Southern to the Bone
Chef Sean Brock’s latest venture might just be the ultimate in Dixie dining
Writing about a restaurant before it opens is a treacherous enterprise. The journalist, drawing on interviews and breathless PR promises, runs the risk of coming off like a shill for the restaurant. And the chef, still in the throes of translating grand ideas into executable dishes, runs the risk of delivering an opening-day experience that is far different from the press-time concept. With those caveats top-of-mind, you should know about Husk, a high-concept restaurant with a chalkboard menu that promises, once and for all, to get Southern cuisine right.
Set in a two-story antebellum home, with deep front galleries and a wood-burning oven at the center, Husk opens this November on Queen Street in Charleston, South Carolina. On chef Sean Brock’s menu will be dishes like cornmeal-dusted Mississippi catfish with jowl bacon, pickled peppers, and pole bean salad. And sunny-side-up farm eggs with ham hock broth. And South Carolina shrimp and Choppee okra stew with Carolina Gold rice. And heritage chicken with buttermilk dumplings, braised garden celery, and carrots. This will be the second restaurant for Brock, who continues in his role as executive chef at McCrady’s, the Charleston fine-dining sanctuary where George Washington once supped. Brock has been at the McCrady’s helm for five years now; from that prow, he won a 2010 James Beard award for Best Chef: Southeast.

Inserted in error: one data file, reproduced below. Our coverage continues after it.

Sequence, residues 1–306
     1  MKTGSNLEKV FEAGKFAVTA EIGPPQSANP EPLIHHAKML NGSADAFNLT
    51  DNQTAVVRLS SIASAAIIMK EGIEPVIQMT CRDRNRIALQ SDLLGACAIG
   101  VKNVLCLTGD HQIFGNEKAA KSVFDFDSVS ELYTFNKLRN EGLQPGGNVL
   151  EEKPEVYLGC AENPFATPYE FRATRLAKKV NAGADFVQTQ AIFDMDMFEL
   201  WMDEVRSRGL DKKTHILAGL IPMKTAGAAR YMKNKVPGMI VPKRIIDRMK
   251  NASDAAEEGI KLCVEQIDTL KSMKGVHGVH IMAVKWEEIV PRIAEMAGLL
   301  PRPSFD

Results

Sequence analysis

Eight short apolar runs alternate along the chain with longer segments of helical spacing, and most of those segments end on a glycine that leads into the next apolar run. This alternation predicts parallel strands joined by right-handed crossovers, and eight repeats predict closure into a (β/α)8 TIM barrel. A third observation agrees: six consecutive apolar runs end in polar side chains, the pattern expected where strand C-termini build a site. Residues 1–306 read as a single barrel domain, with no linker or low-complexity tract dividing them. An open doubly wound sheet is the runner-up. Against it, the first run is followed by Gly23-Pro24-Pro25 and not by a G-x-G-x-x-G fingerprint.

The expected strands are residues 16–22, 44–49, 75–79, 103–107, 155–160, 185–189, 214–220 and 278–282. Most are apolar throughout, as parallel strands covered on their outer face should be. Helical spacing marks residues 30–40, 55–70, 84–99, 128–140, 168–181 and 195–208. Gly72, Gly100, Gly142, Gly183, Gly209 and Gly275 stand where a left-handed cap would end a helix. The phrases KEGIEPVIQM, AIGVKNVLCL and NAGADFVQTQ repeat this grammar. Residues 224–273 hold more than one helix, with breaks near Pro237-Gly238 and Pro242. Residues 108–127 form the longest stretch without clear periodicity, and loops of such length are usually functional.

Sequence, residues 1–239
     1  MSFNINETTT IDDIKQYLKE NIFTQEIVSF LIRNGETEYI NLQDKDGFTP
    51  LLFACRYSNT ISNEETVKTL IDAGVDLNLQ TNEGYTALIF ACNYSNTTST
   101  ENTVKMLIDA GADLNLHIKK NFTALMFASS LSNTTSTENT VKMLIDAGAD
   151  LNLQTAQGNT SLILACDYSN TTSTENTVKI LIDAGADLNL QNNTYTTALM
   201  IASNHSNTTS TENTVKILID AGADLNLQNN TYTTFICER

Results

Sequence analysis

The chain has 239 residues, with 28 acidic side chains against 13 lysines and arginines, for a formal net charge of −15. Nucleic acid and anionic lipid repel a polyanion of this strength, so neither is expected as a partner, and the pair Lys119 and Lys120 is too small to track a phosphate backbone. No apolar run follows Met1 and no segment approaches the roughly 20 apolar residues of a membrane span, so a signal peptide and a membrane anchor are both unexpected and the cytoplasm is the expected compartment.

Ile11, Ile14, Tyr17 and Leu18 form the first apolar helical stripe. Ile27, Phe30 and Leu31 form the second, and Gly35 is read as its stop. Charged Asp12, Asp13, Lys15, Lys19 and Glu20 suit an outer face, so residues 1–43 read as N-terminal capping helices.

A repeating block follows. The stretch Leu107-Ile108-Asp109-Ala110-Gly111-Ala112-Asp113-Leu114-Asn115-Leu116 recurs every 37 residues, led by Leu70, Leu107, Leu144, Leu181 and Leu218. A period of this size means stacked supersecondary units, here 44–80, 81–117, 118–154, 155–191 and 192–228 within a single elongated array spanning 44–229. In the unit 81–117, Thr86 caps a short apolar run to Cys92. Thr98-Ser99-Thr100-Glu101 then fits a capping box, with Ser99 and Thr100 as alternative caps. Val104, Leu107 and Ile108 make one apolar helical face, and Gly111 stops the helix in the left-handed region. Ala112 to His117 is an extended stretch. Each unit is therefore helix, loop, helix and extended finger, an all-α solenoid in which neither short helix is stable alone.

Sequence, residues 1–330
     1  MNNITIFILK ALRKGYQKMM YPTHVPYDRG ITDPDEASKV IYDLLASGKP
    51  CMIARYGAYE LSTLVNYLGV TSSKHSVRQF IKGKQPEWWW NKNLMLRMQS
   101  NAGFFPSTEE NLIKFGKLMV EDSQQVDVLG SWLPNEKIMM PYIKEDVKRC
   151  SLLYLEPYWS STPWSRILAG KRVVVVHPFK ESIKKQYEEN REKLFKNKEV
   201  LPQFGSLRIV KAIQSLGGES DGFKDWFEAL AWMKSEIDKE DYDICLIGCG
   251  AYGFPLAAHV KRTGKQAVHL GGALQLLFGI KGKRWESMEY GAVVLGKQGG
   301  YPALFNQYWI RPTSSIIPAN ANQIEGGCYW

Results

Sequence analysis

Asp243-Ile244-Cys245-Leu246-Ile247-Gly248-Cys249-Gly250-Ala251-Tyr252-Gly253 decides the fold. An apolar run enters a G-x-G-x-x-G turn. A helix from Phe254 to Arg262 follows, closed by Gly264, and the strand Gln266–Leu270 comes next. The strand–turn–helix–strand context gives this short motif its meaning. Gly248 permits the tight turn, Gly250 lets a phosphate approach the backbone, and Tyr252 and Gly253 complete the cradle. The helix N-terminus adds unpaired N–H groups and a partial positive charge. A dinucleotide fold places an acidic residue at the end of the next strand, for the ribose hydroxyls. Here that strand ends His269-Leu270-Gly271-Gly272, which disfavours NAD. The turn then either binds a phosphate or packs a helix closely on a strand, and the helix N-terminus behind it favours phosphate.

Born in Wise, Virginia, an Appalachian coalfield town, Brock, thirty-two, earned his reputation while still in his twenties, working in a genre known as molecular gastronomy. Detractors and acolytes alike knew him then as a wild-eyed human pinball, a young man with a deft skillet hand, a voracious intellect, and a hollow leg for whiskey. Aided by a command of food science and a working knowledge of the chemical processes at the core of cookery, he conceived flights of fancy like foie gras marshmallow terrines, infused with licorice. And country ham cotton candy, made by spinning rendered pork fat and sugar into a tangle of angel-haired porcine filament. Back then, Brock cooked with a wink, a nod, and a flourish. One bite into that terrine, you could almost feel his elbow in your ribs. Two bites into that cotton candy, you could conjure him standing in the back corner of the kitchen, grinning a Jack Nicholson grin.